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“Be a Jew at Home as Well as in the Street”: Religious Worldviews in a Liberal Democracy

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Chapter Summary

This chapter discusses four different approaches for justifying liberal democracy in a pluralist, diverse society against its critics, considering the case of the Haredim of Beit Shemesh as an example of a religious minority. They are communitarian consensus, state neutrality, human nature, and overlapping consensus. The author argues that each of these is problematic, even though some are less problematic than other approaches, and concludes that only certain kinds of religious worldviews can have a place in liberal democracies. An overlapping consensus of the kind that Rawls and Taylor envision is grounded in the commitment of citizens to their way of life and the corresponding ideals of the Good. Novak subscribes to the Rawlsian idea of overlapping consensus. His appeal to the Noahide laws illustrate the difficulties the sort of overlapping consensus necessary to justify a liberal democracy in a pluralist society.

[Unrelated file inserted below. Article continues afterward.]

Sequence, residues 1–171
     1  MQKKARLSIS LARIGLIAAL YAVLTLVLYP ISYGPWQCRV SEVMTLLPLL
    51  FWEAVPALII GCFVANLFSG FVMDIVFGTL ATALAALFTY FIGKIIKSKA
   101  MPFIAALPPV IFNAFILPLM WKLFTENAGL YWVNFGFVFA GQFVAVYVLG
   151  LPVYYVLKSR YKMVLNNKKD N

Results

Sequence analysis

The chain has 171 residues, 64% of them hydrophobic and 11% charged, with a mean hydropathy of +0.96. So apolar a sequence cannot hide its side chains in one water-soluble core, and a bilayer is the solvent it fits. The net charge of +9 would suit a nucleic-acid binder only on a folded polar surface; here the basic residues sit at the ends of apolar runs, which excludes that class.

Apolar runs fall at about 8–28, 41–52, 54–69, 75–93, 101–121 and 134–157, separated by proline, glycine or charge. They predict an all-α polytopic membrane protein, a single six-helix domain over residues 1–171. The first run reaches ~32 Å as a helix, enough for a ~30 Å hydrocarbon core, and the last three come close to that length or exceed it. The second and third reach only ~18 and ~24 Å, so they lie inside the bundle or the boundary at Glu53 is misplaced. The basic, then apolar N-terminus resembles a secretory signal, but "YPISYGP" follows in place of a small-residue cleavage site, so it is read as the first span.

Keywords: communitarian consensus; Haredim; liberal democracy; Noahide laws; overlapping consensus



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